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Fixing fresh-cut flowers with a new supply chain

When John Tabis founded the digital flower delivery service Bouqs seven years ago, his goal was to make the flower industry more sustainable. And while “sustainable” has become an increasingly favored (and thus increasingly vague) descriptor for many direct-to-consumer (DTC) businesses looking to take a new bite out of an old vertical, Bouqs was designed from the ground up to change the way flowers on demand are sold, by changing the supply chain that brings them to market.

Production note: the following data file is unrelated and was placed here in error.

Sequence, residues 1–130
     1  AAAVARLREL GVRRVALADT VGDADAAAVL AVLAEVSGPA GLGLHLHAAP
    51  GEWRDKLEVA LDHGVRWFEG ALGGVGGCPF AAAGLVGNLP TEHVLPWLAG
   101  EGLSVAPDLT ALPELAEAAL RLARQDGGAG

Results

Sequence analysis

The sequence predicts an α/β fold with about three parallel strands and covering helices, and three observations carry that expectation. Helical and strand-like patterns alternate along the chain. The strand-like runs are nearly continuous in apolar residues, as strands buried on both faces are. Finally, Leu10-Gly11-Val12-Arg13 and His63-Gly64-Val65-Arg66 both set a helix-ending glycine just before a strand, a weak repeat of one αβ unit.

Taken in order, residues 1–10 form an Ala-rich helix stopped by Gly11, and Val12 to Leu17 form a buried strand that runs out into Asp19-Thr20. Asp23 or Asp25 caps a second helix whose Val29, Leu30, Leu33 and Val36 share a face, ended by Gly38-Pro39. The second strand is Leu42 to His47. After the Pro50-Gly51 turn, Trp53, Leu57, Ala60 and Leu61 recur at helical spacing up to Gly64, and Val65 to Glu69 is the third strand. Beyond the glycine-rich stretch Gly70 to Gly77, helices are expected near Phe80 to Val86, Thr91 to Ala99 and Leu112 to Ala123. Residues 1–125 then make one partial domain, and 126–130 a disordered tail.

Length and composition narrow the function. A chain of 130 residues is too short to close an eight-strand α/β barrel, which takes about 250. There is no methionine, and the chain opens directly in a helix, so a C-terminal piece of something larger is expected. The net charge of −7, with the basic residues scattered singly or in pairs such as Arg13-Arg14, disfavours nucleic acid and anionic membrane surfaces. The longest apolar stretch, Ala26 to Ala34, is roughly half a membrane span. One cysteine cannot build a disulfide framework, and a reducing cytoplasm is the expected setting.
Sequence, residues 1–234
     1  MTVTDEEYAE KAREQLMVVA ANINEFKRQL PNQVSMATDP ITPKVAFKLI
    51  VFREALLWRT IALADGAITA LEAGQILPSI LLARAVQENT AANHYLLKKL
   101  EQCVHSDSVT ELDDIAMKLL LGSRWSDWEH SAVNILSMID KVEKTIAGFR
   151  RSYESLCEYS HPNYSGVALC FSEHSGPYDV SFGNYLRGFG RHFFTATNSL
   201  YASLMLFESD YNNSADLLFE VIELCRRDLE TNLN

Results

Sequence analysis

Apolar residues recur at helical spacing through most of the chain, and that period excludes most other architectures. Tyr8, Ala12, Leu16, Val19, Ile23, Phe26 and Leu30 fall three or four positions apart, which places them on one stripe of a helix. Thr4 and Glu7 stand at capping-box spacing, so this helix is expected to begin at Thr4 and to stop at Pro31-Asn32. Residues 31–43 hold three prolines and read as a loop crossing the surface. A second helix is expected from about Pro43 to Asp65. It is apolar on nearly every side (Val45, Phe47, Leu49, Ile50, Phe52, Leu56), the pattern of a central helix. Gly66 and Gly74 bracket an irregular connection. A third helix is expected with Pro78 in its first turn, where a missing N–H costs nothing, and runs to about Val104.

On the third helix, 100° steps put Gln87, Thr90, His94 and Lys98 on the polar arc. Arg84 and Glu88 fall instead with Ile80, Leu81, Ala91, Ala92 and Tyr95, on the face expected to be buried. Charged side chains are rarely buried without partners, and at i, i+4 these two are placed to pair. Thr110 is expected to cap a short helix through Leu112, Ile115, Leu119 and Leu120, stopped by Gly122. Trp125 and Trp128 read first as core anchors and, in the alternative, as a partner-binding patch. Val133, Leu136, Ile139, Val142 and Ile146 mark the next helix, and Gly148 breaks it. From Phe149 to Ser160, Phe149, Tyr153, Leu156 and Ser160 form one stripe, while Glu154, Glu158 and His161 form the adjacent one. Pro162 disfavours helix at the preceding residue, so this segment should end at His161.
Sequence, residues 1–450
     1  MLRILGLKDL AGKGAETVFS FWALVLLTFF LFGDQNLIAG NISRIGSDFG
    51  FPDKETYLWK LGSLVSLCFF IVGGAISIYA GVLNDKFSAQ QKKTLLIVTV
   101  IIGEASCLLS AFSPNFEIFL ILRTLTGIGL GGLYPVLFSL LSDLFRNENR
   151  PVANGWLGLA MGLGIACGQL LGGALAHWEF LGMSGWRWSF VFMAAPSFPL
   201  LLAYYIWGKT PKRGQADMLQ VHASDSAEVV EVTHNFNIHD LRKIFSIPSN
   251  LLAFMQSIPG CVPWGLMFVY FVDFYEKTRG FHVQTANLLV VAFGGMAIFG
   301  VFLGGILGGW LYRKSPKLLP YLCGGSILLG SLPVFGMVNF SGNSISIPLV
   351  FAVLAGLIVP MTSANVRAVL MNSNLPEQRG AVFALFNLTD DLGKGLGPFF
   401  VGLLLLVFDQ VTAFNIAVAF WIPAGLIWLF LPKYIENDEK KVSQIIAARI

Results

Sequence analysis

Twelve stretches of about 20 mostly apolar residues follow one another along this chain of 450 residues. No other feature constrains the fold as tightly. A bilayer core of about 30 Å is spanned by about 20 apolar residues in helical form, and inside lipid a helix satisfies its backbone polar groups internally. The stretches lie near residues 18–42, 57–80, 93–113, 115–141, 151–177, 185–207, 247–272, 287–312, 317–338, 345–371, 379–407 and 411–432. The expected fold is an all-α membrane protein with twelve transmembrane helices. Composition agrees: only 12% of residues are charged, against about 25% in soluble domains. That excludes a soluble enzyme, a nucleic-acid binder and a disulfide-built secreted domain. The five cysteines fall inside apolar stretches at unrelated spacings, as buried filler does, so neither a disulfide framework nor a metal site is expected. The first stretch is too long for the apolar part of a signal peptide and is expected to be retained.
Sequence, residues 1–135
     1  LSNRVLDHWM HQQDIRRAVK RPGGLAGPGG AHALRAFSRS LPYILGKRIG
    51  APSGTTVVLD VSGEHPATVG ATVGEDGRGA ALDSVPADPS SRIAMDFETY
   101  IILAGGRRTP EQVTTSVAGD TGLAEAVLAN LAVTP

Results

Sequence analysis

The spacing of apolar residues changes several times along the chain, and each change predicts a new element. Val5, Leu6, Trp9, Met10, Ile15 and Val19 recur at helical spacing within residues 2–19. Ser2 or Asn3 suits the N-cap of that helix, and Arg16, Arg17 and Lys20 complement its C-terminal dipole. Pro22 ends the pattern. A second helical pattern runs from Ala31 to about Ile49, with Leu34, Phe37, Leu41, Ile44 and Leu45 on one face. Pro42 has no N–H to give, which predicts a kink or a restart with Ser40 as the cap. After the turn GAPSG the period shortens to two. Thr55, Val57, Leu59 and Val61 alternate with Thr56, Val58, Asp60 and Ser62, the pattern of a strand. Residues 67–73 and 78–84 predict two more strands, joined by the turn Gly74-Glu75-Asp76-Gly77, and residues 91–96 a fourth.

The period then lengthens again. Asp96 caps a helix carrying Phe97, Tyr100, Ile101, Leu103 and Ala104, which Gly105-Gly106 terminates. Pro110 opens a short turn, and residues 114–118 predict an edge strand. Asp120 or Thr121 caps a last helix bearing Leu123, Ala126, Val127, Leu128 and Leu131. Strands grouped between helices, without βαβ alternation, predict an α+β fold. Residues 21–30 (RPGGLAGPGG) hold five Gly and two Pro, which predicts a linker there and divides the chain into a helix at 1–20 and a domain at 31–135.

Bouqs’ signature innovation is cutting out that middleman in favor of direct relationships with the growers themselves – 140 farmers around the world who meet the brand’s standards for things like organic growth, waste minimization and use of recycled rainwater. As Tabis noted, it can ensure and certify those standards using the power of technology.

“Until you have a direct relationship with that farmer, you can’t hold them accountable to sustainability or labor standards. We deploy technology at the farm itself, and having that relationship with the farm makes it possible to ensure sustainability all the way through the supply chain,” Tabis said.


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